Abundance: The Funny Thing

It had been a long marathon performance week. Harp season had officially arrived and I was in full swing. Long evenings turned into long nights filled with music and confirmation emails. Sleep, eat, and harp; the only things on my agenda. New connections gave hope to more work in the new year. In the middle of it all, a person crossed my mind.

Years ago, I used to visit a missionary on the north side of Miami. She was a much older woman with years of prayer under her belt. She worked Psalms and conducted brief church services for those that sought her assistance. Her old home stood with a poor roof; nothing that could not be fixed with the proper roofing company. I had not seen her since 2008. I decided that I would take my friend to see her so that we could share in the joy of God.

I prayed for guidance to the home as I did not know if I would remember how to find it. Once in front it, the garden was quite recognizable and the roof was still in great need of repair. Unfortunately, the gate was locked; this was new. It had never been locked before. There weren’t any neighbors that I could ask about the situation. Suddenly, the front door opened and out walked the kind missionary. We called to her and she ventured out to greet us. She told me how much I had crossed her mind the other day; no doubt the same day that she had crossed mind. She had to close her church due to the city declaring her home unstable. Nonetheless, she gave all of her glory to Jesus and offered us Psalms for us to reflect upon throughout the week. We told her that we would check on her in the new year and made a contribution towards the maintenance of her missionary endeavors.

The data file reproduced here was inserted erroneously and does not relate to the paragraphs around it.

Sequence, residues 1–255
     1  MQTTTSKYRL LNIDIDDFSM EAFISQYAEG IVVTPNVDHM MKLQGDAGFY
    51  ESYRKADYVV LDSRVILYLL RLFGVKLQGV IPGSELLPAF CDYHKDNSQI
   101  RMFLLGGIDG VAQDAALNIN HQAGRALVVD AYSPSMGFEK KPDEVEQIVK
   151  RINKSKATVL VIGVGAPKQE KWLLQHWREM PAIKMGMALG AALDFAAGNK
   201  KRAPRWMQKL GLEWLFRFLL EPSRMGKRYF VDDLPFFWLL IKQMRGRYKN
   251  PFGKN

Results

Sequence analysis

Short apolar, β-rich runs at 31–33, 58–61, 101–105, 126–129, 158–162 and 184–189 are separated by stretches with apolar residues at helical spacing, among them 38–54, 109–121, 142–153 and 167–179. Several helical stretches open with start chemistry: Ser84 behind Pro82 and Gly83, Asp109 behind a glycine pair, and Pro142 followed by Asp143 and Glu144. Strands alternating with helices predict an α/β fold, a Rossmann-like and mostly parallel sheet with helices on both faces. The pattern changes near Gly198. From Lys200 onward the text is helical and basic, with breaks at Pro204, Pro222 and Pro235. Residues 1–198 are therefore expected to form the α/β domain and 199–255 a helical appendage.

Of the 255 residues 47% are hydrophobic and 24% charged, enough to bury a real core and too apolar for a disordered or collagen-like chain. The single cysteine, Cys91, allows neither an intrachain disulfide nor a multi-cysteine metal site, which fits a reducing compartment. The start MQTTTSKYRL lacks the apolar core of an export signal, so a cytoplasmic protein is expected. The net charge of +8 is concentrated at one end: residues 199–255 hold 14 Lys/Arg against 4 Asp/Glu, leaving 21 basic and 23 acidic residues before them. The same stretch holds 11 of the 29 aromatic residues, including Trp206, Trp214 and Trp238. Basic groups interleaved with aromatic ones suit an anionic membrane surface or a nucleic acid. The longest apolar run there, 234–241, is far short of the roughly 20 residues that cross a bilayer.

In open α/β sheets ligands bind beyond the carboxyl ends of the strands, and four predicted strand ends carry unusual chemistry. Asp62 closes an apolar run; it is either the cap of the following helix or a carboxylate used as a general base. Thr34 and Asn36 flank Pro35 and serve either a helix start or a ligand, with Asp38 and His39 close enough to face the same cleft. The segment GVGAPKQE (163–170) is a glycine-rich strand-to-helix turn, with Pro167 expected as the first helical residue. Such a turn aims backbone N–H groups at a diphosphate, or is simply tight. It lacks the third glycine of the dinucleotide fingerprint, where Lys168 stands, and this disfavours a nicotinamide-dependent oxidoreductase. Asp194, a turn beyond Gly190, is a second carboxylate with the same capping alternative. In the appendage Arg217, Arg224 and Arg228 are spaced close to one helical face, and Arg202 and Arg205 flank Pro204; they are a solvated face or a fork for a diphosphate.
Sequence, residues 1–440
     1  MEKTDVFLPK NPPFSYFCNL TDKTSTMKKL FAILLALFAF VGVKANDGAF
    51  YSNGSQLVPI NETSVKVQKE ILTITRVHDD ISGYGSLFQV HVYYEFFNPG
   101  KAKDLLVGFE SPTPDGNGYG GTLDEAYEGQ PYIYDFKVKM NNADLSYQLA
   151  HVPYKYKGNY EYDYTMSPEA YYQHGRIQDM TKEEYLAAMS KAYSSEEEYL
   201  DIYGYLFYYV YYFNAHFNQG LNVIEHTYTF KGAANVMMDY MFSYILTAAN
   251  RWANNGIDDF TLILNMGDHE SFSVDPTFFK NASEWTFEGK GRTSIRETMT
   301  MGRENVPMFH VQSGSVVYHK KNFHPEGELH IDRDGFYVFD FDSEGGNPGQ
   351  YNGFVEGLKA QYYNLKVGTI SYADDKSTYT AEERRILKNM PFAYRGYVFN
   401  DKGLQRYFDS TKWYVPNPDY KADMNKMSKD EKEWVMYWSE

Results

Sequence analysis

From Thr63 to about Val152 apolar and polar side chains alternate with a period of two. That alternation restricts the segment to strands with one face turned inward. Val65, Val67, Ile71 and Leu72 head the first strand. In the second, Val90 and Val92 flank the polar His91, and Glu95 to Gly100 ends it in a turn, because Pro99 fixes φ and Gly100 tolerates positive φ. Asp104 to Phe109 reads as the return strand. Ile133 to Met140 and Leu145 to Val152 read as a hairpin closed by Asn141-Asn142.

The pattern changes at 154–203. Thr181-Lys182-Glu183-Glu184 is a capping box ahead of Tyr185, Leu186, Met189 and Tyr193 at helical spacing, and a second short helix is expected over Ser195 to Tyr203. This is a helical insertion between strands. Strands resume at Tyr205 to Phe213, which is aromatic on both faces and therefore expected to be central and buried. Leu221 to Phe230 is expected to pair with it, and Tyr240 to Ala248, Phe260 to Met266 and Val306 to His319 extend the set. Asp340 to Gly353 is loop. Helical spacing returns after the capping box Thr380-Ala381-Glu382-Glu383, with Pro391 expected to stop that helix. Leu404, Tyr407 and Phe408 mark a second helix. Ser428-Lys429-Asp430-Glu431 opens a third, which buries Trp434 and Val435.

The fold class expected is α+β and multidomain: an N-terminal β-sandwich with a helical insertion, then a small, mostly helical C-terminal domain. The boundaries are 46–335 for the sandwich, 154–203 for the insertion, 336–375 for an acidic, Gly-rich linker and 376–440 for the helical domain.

This morning, I awoke in tears. I asked God to please show mercy upon this woman, his very dedicated servant. She worked upon his behalf. I wondered how so much abundance had been given to me and yet this woman could not gather the resources to take care of her home. I never wanted to ask about her family or insurance; however, it was obvious that neither were progressing for her if either existed. It did not seem fair to live in a world where no bank could help her. My fingers found an email address to connect me with possible organizations that could possibly help her. Tom Joyner may even hear from me. They say it takes one person to make a difference. This may be my opportunity.